By Brittany N. Gaddy
Spectrum Staff Writer
CNN political commentator Bakari Sellers inspired the audience during the Martin Luther King, Jr. Commemorative Symposium at Bowie State University on April 4 with a message of reflection and encouragement on the 50th anniversary of King’s death.
Sellers invited the audience to “take a journey to excellence” and to answer the questions “How far have we come?” and “Where do we go from here?” He said, “They are necessary to answer as we navigate this journey to excellence.”
To answer the first question, “How far have we come?”, Sellers highlighted past civil rights activists such as George A. Elmore, Harry and Eliza Briggs and Sarah Mae Flemming. He said that they paved the way for African-Americans today.
“I have come to the resolve that...we’ve made progress, but we still have yet a ways to go,” Sellers said.
To answer the second question, “Where do we go from here?”, he said that it “relies fundamentally in the ability for us to do two things.” First, according to Sellers, “You have to rededicate yourself to the proposition of loving your neighbor even when they don’t love you.” Second, he said, “You have to dream with [your] eyes open.” He told the audience that this is “something that Dr. King wanted us to do because I think that we shouldn’t just dream in vain.” Referring to King, Sellers said, “He wanted us to give life to it.”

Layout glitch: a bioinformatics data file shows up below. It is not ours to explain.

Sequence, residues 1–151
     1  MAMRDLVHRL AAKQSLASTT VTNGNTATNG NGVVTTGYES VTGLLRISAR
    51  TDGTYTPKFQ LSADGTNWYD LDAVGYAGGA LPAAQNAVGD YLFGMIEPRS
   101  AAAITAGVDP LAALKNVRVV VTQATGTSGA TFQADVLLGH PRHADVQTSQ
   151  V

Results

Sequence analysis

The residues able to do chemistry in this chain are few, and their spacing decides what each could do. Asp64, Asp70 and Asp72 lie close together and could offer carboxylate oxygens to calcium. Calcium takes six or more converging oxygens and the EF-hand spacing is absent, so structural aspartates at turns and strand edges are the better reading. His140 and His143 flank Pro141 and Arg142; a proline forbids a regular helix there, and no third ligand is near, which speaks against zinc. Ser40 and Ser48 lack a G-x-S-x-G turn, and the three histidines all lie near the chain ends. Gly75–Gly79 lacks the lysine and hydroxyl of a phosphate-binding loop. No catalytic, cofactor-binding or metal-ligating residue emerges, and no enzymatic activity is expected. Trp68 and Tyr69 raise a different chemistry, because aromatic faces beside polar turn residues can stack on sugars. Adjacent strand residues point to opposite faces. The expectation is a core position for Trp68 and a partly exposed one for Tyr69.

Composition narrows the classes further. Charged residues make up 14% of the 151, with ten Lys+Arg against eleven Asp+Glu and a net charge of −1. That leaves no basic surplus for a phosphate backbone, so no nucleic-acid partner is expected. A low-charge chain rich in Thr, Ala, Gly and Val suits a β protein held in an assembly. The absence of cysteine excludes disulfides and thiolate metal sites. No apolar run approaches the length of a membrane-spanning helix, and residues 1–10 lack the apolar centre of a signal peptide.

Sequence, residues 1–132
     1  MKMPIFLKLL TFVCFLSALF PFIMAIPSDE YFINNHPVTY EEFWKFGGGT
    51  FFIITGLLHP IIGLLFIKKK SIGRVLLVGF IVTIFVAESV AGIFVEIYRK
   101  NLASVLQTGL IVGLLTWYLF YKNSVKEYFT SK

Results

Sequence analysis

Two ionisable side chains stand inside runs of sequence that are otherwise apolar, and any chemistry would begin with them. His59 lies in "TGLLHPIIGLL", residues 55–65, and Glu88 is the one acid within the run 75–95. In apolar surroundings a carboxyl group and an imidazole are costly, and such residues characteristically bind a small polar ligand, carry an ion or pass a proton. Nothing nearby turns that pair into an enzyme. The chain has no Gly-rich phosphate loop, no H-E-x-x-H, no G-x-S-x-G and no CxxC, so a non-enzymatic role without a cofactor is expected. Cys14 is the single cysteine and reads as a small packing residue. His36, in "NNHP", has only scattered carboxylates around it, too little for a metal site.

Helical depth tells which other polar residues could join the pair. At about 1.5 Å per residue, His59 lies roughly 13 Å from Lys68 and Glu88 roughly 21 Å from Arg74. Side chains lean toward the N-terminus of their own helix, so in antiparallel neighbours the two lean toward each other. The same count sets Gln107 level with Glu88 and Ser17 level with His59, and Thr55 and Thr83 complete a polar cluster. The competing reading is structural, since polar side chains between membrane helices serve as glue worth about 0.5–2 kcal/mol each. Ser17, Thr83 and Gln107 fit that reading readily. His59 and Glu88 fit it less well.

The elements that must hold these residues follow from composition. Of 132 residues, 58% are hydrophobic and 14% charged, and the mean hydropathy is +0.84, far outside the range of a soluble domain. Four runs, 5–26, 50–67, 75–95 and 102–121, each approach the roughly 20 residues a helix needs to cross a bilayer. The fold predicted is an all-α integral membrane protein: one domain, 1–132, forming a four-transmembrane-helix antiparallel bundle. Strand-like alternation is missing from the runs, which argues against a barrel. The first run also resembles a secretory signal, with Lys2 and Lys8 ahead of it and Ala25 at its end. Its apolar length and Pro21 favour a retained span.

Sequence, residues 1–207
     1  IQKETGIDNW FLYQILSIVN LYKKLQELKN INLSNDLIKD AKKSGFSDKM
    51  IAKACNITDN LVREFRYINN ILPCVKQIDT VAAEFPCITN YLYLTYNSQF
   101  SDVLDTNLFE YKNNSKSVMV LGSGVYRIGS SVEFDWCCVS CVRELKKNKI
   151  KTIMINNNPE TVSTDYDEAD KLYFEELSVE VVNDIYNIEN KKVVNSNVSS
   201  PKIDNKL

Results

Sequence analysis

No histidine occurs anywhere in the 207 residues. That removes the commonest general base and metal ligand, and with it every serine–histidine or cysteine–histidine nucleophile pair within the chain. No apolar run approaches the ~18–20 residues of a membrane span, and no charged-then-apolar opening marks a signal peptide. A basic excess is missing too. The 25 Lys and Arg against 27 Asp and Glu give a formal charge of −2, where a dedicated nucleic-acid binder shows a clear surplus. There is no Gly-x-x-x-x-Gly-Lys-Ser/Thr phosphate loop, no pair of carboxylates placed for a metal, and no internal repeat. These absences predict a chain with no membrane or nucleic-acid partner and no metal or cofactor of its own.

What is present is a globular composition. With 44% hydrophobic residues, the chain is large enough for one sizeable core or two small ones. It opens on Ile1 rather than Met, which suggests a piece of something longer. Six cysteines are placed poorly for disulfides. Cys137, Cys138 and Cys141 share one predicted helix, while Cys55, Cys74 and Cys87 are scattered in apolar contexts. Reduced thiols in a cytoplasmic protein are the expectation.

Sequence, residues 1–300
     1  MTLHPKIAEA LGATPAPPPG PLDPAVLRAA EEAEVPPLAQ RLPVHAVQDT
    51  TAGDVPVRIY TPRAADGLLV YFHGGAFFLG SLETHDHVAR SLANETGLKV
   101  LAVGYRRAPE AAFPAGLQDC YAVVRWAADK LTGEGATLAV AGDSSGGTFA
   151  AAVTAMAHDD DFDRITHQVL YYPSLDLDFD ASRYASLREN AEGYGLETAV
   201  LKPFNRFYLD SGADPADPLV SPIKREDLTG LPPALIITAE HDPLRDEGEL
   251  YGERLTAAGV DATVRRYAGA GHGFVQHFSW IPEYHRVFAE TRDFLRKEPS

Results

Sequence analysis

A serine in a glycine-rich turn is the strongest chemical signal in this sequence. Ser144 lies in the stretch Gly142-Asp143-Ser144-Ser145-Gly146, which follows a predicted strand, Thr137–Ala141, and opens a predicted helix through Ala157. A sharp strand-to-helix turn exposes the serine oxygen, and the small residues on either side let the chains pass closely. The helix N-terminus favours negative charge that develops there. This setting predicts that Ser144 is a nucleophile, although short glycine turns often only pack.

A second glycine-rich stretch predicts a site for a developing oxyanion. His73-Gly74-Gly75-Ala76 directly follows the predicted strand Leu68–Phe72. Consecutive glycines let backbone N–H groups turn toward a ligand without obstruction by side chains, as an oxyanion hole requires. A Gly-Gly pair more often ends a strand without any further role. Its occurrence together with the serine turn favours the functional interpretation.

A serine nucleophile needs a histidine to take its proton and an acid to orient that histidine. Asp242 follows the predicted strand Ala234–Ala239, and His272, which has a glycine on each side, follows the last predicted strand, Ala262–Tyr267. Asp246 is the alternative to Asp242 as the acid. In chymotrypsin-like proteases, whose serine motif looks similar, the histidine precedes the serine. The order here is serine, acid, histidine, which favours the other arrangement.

When excellence is achieved, Sellers said, “Your name may not be in lights, you may not be wealthy...but all of those people who gave so much even on a day like today...you can hear the voice of those angels like Dr. King simply say, ‘job well done.’”
After his speech, Sellers received a standing ovation from the audience, which included students and staff.
Before Sellers was called to the stage, an introductory video displayed some of the changes that he wants to see in government and in the world, which include equal access and the creation of justice.
Bowie State President Dr. Aminta H. Breaux delivered the welcome and thanked the College of Arts and Sciences, the Department of History and Government and the Student Government Association for hosting the event. She also charged the audience to “live out the legacy of Dr. King each and every day in what you do in your actions and in your deeds.”